The 1907 Earthquake Monument

1907 Earthquake Monument

Parish: Kingston

The 1907 Earthquake Monument stands as a lasting reminder of the earthquake which severely damaged the capital city of Kingston. Over 1,000 persons perished and 501 unidentified victims of this natural disaster were buried at the site. In 1909 the monument was erected in their memory. The monument therefore represents a notable chapter in the history of Jamaica, not only because of the untold tragedy, but also due to the fact that it brought about significant changes in the building code of the island; particularly with the use of concrete, instead of bricks in construction.

The Monument is built over the graves of about 501 unrecognizable victims of the 1907 earthquake which devastated the city of Kingston. On Monday, January 14, 1907 at about 3:30pm, without warning, the earth began shake. The shock lasted exactly thirty-six seconds. Over 1,000 of Kingston’s inhabitants perished, many from the fires triggered by the earthquake. The Gleaner reported that on the morning following the earthquake, hundreds of bodies were found burned and charred along the principal streets of Kingston. It is believed that many who had been injured and unable to help themselves were burnt to death by the flames. All these bodies, many unidentifiable, were taken up for burial. However, with the large number of dead, coffins were exhausted and the bodies were therefore wrapped in sheets and buried in hastily dug trenches. These bodies were buried in that portion of the Bumper Hall property, adjoining the May Pen Cemetery, which was consecrated for use as a cemetery in 1898.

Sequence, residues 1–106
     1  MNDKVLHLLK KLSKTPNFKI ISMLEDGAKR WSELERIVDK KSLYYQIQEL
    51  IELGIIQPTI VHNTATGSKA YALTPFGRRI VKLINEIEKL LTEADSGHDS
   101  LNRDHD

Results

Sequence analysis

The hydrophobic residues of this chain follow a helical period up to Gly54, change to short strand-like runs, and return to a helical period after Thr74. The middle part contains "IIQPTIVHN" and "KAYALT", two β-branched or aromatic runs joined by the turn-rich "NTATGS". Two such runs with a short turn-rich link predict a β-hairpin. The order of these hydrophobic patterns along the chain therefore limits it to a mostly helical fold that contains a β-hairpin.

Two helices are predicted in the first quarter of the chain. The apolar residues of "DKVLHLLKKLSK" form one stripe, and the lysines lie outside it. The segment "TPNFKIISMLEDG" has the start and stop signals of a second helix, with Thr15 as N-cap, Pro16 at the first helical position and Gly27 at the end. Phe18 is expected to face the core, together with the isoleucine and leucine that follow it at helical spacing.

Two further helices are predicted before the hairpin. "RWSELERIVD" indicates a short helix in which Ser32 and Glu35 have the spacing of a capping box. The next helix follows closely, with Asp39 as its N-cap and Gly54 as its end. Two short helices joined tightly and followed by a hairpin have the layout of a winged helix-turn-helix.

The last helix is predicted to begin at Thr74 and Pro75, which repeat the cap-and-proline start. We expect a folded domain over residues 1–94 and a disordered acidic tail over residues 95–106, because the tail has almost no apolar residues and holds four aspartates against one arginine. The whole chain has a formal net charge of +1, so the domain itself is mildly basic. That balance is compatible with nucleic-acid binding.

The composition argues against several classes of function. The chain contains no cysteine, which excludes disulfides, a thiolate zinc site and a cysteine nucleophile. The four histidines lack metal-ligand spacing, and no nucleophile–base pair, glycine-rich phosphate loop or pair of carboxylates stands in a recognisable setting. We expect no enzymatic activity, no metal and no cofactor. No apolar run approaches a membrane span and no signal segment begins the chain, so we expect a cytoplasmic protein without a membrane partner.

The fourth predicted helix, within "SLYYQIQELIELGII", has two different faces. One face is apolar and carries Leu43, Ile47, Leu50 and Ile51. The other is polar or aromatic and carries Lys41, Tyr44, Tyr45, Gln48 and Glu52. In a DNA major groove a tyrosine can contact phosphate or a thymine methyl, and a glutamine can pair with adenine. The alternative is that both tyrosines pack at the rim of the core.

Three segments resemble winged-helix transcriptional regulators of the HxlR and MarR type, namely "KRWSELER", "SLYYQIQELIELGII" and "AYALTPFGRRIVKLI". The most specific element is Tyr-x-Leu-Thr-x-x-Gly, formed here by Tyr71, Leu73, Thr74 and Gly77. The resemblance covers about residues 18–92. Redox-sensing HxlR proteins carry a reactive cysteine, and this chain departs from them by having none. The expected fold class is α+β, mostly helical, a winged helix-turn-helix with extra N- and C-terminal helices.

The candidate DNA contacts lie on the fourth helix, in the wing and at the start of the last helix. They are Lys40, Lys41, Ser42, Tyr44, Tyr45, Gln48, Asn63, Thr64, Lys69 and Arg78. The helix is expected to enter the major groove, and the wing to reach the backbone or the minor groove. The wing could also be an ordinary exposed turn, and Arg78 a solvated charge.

The idea for a Monument over the graves originated with John McKenzie, then Superintendent of the May Pen Cemetery, who became concerned with the neglected state of the trenches. The Gleaner Company was approached for assistance and in 1908 the Company launched a fund for the erection of a suitable Memorial. There was an overwhelming response from the public and a sum of £378 5s 9d was collected. The Monument was completed in 1909 and on Wednesday, June 2, 1909, over six thousand persons gathered there to witness its unveiling.

The Monument was rehabilitated in 2016. Marble tiles have been added to the base of the Monument and the grounds surrounding the memorial have been landscaped.



1907 Earthquake Monument
  • “£3,000 Fire at Bumper Hall Hospital yesterday forenoon” in The Gleaner, Tuesday, January 21, 1936
  • “Bumper Hall Hospital Well Equipped and Ready for Use” in The Daily Gleaner, Thurs., February 17, 1898
  • “Bumper Hall Junior School Already Open…Big Educational Development in West Kingston” in The Gleaner, Thursday, November 9, 1961
  • “Caribbean Airways’ Base Opened by H. E. The Governor” in The Daily Gleaner, Mon., February 8, 1932
  • “Earthquake Memorial. Unveiling of the Monument Erected at May Pen Cemetery by the Citizens of Kingston” in The Daily Gleaner Thursday, June 3, 1909.
  • “Fortnightly meeting of the City Council held July 20, 1898” in The Daily Gleaner, July 21, 1898
  • Jamaica Almanac, 1816. Return of Proprietors, Properties etc. Given to the Vestries for March Quarter 1815
  • Loop News. “Prime Minister among those present at commemoration ceremony for victims of 1907 earthquake” Accessed on August 18, 2016
  • Privy Council Decisions. Harvey & Anor v Facey & Ors. [1893] UKPC1 (29 July 1893) Accessed August 18, 2016
  • Telegraph, St. John, N.B., Saturday Morning, January 19, 1907
  • The Gleaner, Friday, January 18, 1907
  • The Daily Gleaner, Wednesday, September 29, 1937



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